New Aero 16 OLED reviewed: OLED and new Intel/Nvidia generations on the rise
Simple, slick, slim and modernly equipped: The new Gigabyte Aero with a 4K OLED display, powerful Raptor-Lake CPU and RTX 4070 seeks to bedazzle gamers and content creators alike. However, the laptop is not particularly cheap.
Content creators are becoming an increasingly important target group for laptop manufacturers. In the past, there were either bulky workstations, loud gamers or portable but comparatively weak laptops for companies and employees. But now, manufacturers are attempting more and more to get several target groups under one roof.
And let's be honest: who wouldn't want to own an ultra-thin, stylish, light and silent laptop with the very best gaming performance? Sure, there are physical limits, but with every new CPU and GPU generation, the hardware becomes a little more efficient.
And so Gigabyte is offering a light, stylish laptop in the new Aero 16 OLED that performs better than its RTX 3080 Ti equipped predecessor while remaining cooler and more economical. The only catch is that it hasn't gotten any quieter, so you have to decide whether to choose a mode that reduces the volume, which also reduces performance.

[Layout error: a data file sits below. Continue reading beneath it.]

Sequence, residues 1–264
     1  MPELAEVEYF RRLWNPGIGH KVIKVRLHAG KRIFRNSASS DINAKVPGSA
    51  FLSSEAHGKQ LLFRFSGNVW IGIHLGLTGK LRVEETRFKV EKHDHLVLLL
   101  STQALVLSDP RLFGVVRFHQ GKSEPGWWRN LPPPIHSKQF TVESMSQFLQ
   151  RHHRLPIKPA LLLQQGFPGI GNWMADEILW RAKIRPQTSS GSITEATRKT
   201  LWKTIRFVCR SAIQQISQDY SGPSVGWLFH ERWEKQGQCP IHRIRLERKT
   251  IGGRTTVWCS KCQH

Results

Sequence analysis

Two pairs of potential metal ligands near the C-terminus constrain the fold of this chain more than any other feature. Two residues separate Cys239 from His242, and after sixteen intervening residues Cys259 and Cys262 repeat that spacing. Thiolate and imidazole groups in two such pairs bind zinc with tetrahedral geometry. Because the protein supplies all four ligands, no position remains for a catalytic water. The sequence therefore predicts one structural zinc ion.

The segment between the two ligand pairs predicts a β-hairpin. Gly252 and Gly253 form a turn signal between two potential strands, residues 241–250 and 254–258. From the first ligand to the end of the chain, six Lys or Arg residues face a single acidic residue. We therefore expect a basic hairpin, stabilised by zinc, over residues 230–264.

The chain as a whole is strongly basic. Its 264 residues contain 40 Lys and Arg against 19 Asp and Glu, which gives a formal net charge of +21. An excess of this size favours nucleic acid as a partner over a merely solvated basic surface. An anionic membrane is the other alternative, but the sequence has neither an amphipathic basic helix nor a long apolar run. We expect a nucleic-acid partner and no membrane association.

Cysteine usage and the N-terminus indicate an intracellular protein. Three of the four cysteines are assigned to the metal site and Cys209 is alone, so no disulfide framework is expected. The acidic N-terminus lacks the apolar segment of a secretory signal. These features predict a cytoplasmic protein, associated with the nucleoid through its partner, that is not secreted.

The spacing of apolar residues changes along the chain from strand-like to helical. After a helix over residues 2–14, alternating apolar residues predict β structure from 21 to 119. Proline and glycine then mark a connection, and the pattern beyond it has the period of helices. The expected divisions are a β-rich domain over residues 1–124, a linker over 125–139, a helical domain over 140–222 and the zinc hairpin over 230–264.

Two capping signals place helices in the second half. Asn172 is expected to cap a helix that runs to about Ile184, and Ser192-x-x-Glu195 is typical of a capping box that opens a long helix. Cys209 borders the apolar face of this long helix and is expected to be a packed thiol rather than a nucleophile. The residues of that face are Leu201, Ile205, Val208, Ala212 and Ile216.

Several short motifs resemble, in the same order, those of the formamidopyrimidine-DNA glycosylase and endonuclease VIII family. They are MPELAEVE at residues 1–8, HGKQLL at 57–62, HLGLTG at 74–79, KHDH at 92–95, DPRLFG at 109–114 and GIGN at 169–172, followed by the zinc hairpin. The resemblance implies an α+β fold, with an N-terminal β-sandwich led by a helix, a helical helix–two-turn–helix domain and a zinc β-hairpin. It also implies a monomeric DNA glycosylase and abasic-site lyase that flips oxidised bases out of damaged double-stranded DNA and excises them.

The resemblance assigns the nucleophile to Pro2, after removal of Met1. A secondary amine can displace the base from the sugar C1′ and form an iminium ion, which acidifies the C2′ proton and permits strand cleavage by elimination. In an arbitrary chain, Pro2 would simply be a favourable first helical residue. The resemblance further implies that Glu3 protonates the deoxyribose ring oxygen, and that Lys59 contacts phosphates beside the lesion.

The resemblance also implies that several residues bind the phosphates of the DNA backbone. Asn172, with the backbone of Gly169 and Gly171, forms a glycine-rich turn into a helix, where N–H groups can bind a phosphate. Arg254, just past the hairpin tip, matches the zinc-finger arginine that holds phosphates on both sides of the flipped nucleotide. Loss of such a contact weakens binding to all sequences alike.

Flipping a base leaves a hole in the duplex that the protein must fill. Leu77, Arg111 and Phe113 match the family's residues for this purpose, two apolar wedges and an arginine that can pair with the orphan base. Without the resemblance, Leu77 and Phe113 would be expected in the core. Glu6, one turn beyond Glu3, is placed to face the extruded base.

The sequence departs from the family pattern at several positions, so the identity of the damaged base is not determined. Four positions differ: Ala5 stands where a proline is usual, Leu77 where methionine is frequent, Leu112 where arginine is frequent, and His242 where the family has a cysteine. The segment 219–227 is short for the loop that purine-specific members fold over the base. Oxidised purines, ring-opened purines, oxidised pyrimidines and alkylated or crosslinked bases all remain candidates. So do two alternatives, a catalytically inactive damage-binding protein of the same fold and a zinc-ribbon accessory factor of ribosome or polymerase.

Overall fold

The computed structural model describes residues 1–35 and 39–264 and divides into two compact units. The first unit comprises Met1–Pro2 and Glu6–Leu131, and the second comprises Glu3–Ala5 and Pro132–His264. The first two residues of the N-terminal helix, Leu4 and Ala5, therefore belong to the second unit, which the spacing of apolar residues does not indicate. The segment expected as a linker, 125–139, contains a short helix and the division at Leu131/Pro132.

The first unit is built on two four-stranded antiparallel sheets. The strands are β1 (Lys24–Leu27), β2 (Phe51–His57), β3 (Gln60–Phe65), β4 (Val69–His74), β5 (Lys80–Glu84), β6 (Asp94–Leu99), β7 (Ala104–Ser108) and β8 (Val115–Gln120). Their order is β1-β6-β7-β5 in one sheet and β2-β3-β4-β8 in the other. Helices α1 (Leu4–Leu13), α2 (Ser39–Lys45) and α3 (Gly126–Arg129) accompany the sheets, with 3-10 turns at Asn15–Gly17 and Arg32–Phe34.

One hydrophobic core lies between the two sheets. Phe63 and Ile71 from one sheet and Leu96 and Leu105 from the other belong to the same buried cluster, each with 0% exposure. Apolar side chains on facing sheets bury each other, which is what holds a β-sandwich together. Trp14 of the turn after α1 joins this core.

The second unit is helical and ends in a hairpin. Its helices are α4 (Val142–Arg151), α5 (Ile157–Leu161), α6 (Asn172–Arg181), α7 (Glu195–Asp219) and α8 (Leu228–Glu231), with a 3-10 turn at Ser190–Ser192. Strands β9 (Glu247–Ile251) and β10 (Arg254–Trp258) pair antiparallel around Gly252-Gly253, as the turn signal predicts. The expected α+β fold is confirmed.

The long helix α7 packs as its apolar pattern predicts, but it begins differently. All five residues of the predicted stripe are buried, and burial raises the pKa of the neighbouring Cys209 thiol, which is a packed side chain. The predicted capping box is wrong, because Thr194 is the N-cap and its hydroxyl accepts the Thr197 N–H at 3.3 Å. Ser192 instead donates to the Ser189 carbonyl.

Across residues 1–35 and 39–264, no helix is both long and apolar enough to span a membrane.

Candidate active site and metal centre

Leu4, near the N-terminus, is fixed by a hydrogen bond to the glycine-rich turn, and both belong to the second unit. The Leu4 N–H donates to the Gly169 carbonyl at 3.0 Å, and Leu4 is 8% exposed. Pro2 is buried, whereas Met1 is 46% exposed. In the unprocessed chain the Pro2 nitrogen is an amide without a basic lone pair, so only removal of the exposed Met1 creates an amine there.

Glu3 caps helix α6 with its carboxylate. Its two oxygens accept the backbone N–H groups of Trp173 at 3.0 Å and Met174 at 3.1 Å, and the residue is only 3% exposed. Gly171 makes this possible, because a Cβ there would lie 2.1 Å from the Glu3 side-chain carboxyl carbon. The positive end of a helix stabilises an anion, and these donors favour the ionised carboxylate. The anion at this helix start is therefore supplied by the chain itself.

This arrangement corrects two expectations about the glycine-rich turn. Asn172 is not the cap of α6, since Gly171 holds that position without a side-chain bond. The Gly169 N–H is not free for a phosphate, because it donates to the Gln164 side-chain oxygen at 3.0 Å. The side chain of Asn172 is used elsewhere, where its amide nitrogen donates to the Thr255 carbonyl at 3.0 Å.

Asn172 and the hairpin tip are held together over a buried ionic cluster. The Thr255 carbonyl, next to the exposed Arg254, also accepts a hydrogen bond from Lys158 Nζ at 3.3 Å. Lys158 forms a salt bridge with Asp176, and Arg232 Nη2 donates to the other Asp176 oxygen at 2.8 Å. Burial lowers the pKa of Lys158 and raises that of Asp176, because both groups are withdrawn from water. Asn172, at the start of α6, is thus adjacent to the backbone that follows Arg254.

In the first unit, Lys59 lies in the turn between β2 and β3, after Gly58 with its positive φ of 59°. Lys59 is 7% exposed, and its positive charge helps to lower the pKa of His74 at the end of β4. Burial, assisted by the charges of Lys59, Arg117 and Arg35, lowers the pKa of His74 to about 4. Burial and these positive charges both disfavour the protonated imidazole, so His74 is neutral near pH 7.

But at least you have this choice and so the Aero turns out to be a comparatively flexible laptop for gamers and creatives, not least because of its great OLED display. All advantages and disadvantages of the Aero 16 OLED are revealed in our detailed review.
A C64 marked my entry into the world of PCs. I spent my student internship in the repair department of a computer shop and at the end of the day I was allowed to assemble my own 486 PC from “workshop remnants”. As a result of this, I later studied computer science at the Humboldt University in Berlin, with psychology also being added to my studies. After my first job as a research assistant at the university, I went to London for a year and worked for Sega in computer game translation quality assurance. This included working on games such as Sonic & All-Stars Racing Transformed and Company of Heroes. I have been writing for Notebookcheck since 2017.
Translator:Jacob Fisher - Translator - 213 articles published on Notebookcheck since 2022
Growing up in regional Australia, I first became acquainted with computers in my early teens after a broken leg from a football (soccer) match temporarily condemned me to a predominately indoor lifestyle. Soon afterwards I was building my own systems. Now I live in Germany, having moved here in 2014, where I study philosophy and anthropology. I am particularly fascinated by how computer technology has fundamentally and dramatically reshaped human culture, and how it continues to do so.